Eco-Friendly Roofing Options

Asphalt shingles aren't your only option. Whether wood, metal, or rubber, you can choose from a variety of durable and eco-friendly roofing materials.


| June/July 2010



eco-friendly roofing

If you want to go with eco-friendly roofing, consider its recycled material content, how long it will last, and whether it can be reused.


ILLUSTRATION: KEITH WARD

Most homeowners have to replace their roof shingles at some point. Exposed to sunlight, heat, cold, rain, wind, and sometimes snow, sleet and hail, conventional asphalt shingle roofs last 20 years, if you’re lucky.

If you’d like a roof that will outlast a conventional asphalt shingle roof and is made from eco-friendly roofing materials, consider the products outlined here. Many of them are virtually immune to hail. Green roofing products are many and varied, ranging from recycled-plastic shingles to recycled-metal roofs to sustainably harvested or reclaimed wood roofs. The best option for your home depends on the design of your home, local building codes, and price considerations.

Recycled Shingles

Among the most popular — and perhaps the “greenest” — of all roofing products are shingles made from recycled waste materials, such as plastic, rubber, or wood fiber. Some products are made from clean post-consumer waste (waste from homes), others from post-industrial waste (factory waste). Recycled-content shingles are amazingly durable, and they look nice, too. You’d never know they were made from “waste” materials!

Recycled-content roof shingles help divert waste from landfills and reduce our need to extract and process raw materials, which lowers energy consumption and reduces pollution. Some of these products are recyclable, too, and many come with amazing 50-year warranties. A few even carry fire ratings that could lower your insurance rates.

Wood Shingles and Shakes

In many parts of the country, wood shingles and shakes have long been a popular choice among builders and homeowners. Unfortunately, conventional wood shingles are made from old-growth western cedar. Although the amount of energy it takes to produce this product is relatively low, the harvest of old-growth trees is not sustainable in the long run. These shingles are also quite combustible and can no longer be used in areas where there is a risk of brush and forest fires.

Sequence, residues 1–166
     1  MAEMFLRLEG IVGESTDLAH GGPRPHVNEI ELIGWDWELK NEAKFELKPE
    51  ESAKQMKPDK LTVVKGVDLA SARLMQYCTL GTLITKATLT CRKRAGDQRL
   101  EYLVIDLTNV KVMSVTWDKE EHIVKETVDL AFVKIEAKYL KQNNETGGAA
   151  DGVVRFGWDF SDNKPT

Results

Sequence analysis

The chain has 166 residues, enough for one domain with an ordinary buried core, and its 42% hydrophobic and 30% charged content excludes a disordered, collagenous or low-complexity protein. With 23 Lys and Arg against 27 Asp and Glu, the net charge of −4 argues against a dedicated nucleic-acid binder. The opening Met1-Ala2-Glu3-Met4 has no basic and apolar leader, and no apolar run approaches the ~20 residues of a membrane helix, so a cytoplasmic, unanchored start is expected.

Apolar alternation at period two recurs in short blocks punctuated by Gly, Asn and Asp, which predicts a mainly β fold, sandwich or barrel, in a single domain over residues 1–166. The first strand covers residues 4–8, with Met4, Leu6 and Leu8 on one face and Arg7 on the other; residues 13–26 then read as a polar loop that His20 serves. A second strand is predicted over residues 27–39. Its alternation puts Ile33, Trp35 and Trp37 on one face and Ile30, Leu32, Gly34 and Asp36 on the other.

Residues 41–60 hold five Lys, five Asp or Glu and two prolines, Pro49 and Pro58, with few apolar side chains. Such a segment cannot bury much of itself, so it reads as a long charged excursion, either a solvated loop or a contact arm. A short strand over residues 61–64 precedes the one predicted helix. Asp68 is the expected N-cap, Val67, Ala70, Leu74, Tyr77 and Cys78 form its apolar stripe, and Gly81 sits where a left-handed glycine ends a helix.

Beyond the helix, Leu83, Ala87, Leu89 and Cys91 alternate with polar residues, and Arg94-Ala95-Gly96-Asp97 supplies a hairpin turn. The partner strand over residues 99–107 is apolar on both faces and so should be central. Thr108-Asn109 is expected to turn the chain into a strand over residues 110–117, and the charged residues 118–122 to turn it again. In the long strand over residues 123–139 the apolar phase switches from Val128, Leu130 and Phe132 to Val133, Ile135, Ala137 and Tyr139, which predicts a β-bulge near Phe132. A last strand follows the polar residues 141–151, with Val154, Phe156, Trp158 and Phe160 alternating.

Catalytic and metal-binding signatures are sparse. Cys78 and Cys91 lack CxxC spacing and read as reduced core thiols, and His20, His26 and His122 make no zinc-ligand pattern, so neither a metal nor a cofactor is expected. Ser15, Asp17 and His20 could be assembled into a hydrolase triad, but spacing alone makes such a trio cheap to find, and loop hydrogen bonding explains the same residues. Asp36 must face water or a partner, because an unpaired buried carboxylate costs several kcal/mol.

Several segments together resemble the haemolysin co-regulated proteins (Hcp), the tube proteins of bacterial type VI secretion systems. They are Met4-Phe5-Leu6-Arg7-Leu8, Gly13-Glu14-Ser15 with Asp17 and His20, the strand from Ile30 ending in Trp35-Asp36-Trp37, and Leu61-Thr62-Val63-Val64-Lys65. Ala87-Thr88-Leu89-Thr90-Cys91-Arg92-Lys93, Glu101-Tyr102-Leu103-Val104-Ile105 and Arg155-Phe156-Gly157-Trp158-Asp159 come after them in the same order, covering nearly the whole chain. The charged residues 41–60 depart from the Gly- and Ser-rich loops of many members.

If you would like to install wood roof shingles and local building codes permit them, consider a product made from reclaimed lumber. The Armster Reclaimed Lumber Co. in Connecticut, for example, makes roof shingles using wood reclaimed from mills, bridges, old water and wine tanks, and a number of other sources. This company acquires old wood throughout the country and makes an effort to process it locally — close to where you purchase the product — to reduce costs and transportation energy.

soy
7/18/2016 3:20:27 AM

Thanks for your article! It's useful enough! How I can make Eco technology at my roof? What can you tell me about my roof now? smileroofing.com/fl/jacksonville/


david
11/8/2013 4:27:24 AM

Looking for a durable roofing service? Relax!http://www.rajinanddaughterscontractor.com/roofing-service-minneapolis-mn.php


david
11/8/2013 4:20:23 AM

Amazing post... If you are looking for a durable roofing serice, http://http://www.rajinanddaughterscontractor.com/roofing-service-minneapolis-mn.php


david
11/8/2013 4:20:20 AM

Amazing post... If you are looking for a durable roofing serice, http://http://www.rajinanddaughterscontractor.com/roofing-service-minneapolis-mn.php






dairy goat

MOTHER EARTH NEWS FAIR

Aug. 5-6, 2017
Albany, Ore.

Discover a dazzling array of workshops and lectures designed to get you further down the path to independence and self-reliance.

LEARN MORE